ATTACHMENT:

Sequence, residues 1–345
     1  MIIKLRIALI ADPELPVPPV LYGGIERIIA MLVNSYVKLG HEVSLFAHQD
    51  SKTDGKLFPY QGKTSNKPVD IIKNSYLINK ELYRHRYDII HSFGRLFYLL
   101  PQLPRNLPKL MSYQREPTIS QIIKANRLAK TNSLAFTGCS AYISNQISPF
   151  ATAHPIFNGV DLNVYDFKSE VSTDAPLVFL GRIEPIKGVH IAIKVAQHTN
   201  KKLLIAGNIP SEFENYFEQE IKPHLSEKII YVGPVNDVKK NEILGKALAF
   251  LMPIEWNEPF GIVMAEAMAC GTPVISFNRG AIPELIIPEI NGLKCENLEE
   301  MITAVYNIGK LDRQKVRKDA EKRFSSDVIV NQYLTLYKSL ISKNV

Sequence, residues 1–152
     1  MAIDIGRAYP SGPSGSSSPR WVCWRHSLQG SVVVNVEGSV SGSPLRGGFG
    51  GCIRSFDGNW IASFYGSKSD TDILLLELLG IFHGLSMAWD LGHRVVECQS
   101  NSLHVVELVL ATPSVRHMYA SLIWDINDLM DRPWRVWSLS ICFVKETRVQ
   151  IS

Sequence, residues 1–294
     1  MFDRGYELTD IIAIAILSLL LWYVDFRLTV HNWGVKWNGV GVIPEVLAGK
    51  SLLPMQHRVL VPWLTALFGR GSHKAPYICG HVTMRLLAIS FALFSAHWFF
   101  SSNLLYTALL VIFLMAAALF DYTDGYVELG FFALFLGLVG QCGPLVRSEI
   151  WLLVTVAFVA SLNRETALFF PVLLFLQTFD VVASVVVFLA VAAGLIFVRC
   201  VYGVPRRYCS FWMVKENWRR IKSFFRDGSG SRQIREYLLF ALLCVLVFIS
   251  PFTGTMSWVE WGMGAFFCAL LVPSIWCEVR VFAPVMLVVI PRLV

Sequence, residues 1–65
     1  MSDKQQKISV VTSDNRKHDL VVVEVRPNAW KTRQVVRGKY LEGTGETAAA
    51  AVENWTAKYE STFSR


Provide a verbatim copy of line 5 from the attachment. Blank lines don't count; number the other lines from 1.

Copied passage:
   151  ATAHPIFNGV DLNVYDFKSE VSTDAPLVFL GRIEPIKGVH IAIKVAQHTN